The exclusivity of Christ and a Christian theology of religions

A God of Many Understandings?

Todd Miles

 

 

 

 

 

 

The western world is increasingly diverse religiously, and so it has become more urgent that we have a well formulated understanding of how we should view and relate to the religions of the world and their adherents. This fact has not escaped the attention of either theologians or missiologists, so books have addressed it from various Christian perspectives. Todd Miles has come at the subject as an evangelical with a gospel exclusivist understanding of salvation, and I am working my way through his book, A God of Many Understandings?: The Gospel and the Theology of Religions. In his first chapter, he defines his perspective on Christ’s exclusivity and introduces us to the framework this provides for his theology of religions.

Miles’s gospel exclusivist framework

Todd believes in one supreme God, who is sovereign over all, who justly condemns rebellious humanity, but who has mercifully reached out to us in Jesus Christ (2). He also believes that “conscious faith in the gospel, defined as the good news of the life, death, and resurrection of Jesus Christ” is necessary for salvation (3, 16). So Todd’s exclusivism is not only objective, affirming Christ’s role as the world’s only Savior, it is also subjective, insisting that one must know about this work of Christ in order to be saved by it. He is, in other words, a gospel exclusivist (in terms of my typology). In support of this perspective, Todd cites the focus of the ministry of the Spirit on the glorification of Jesus (3), to distinguish his position from the “relative independence of the Spirit from the Son,” which he considers to be a necessary postulate of “inclusivists” (4). Todd wants to convince his readers that they need not conjecture about the fate of the unevangelized but should proclaim the gospel, and he is “concerned that if an inclusivist understanding of salvation in a pluralistic world wins the day, the heart will be cut out of the motivation to missions” (5).

Todd is keenly aware of the “enormous cultural pressure, masquerading as a commitment to the ‘value’ of tolerance, to reject any truth claim that assumes superiority to alternatives,” but he believes that “the gospel makes just such a claim” (7). That gospel is summarized by Paul in 1 Cor 15:1-8, and it is “normally disseminated” by the proclamation of those who have been saved by it (11-13). This gospel produces a conception of salvation that is “irreconcilable with the conceptions of all other religions in the world” (14). “Other religions do not save because they do not tell this story” (15, citing Christopher Wright, Salvation Belongs to Our God, [108]).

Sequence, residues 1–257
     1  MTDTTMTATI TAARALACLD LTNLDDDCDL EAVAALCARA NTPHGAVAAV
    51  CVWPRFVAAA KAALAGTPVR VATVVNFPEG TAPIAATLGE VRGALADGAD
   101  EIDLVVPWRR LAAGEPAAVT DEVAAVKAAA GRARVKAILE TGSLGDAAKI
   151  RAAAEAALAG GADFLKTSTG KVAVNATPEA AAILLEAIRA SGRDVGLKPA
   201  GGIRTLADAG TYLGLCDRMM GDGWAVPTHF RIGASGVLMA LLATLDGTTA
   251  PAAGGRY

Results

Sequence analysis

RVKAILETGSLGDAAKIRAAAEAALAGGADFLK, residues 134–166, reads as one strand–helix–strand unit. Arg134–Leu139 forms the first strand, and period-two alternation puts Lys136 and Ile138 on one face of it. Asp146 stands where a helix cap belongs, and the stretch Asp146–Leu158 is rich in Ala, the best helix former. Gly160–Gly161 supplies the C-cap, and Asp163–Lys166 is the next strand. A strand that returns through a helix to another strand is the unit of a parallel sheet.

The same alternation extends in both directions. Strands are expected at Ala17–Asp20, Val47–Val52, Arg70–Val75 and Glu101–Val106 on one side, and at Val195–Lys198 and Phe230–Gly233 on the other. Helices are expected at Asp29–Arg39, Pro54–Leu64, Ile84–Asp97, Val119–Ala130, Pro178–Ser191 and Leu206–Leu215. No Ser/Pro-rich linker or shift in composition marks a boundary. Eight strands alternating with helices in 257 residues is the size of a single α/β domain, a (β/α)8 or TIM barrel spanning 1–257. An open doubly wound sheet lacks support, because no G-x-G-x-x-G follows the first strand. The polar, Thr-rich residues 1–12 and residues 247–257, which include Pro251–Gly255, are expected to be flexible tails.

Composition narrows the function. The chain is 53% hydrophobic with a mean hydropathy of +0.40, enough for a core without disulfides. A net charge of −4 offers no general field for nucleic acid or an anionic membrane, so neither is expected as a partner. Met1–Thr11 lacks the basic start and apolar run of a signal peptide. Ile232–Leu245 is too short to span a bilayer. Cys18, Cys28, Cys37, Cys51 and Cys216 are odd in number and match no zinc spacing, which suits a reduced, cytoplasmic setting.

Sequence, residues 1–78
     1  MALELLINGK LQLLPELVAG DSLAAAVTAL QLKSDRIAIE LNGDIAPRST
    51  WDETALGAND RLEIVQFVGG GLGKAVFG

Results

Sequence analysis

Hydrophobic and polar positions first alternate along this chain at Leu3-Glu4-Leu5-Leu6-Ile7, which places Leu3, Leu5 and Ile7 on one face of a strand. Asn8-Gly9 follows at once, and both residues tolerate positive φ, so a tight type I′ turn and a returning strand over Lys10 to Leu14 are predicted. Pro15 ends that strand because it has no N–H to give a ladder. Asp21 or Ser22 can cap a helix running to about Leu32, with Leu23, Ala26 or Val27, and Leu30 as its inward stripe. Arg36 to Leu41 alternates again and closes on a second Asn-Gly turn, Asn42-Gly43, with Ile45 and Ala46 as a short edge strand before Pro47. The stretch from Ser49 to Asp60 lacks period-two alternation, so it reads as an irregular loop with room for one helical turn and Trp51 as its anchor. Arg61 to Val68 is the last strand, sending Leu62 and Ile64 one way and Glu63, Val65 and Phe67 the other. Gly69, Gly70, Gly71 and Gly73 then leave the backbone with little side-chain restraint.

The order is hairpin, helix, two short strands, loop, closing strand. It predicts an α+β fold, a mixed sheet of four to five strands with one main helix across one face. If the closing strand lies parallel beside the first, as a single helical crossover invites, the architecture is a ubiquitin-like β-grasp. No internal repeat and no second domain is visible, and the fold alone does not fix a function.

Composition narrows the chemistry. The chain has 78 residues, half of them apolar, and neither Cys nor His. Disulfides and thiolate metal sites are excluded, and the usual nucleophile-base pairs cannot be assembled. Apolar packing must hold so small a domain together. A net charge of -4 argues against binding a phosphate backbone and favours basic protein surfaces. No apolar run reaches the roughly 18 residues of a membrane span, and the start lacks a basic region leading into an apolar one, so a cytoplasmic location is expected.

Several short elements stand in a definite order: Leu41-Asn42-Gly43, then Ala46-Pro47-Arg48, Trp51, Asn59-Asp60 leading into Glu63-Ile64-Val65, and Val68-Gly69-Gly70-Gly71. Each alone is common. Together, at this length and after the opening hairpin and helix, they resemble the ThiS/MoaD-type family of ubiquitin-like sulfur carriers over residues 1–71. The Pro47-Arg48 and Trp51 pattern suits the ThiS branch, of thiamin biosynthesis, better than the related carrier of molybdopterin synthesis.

In his definition of “exclusivism,” Todd asserts that “the normal means of bringing the gospel to those who have not yet heard is proclamation by human messengers” but other means of particular revelation, “such as dreams and visions, are certainly not precluded by exclusivism.” The important thing is “that we bow before Jesus Christ and embrace the gospel of life” (16-17). This allowance for abnormal means of gospel proclamation might put Todd within my 4th type, “qualified gospel exclusivism,” but his description of the content of revelation that is sufficient for saving faith calls this into question. Few of the people I have heard about who come to trust in Jesus through dreams and visions have as full a theological knowledge of Christ’s work as Todd’s 4th criterion of exclusivism calls for (21).

Todd enunciates 4 criteria for exclusivism (21), but he acknowledges that only one of these would not also be affirmed by “inclusivists,” because the first three describe the objective exclusivity of Christ, and only the fourth criterion asserts a subjective exclusivity, that knowledge of “Christ’s cross work” is necessary for saving faith.

My reflections

The necessary scandal of Christian particularity

I share Todd’s commitment to the objective exclusiveness of Christ’s saving work, and I joyfully affirm all that he has said about the nature of the gospel and the great importance of its proclamation by the church, as God’s normal instrument in salvation. Anyone who has ever been saved, or ever will be saved, lives in fellowship with God because of Christ’s atoning work and the inner work of the Holy Spirit. Like all religions, Christianity is an ambiguous response to divine revelation, but it is distinctive because it is responding to God’s fullest revelation in Christ and in the scriptures inspired by the Holy Spirit. The Christian church is ambiguous in its testimony because it is composed of sinners not yet glorified, but it is the corporate body which God has raised up as his instrument in the world, and this can be said of no other religious group. In a relativistic cultural and religious context, this message is bound to be unpopular, but this is part of the inescapable scandal of the cross. I am not a “world religions accessibilist,” and so I share Todd’s perspective on, and goal, for the theology of religions to a very high degree. I firmly believe that an accessibilist soteriology can foster “a theology of religions that is at once Christ-honoring, biblically faithful, intellectually satisfying, compassionate, and that will encourage Spirit-empowered mission,” which is Todd’s goal (7). I am happy that Todd drew on Christopher Wright’s work on the uniqueness of the Christian religion and its gospel because in Salvation Belongs to Our God, from which Todd quotes appreciatively (15-16), Chris has been explicit about his accessibilist understanding of salvation. I wonder if Todd noticed this; if so, he does not mention it!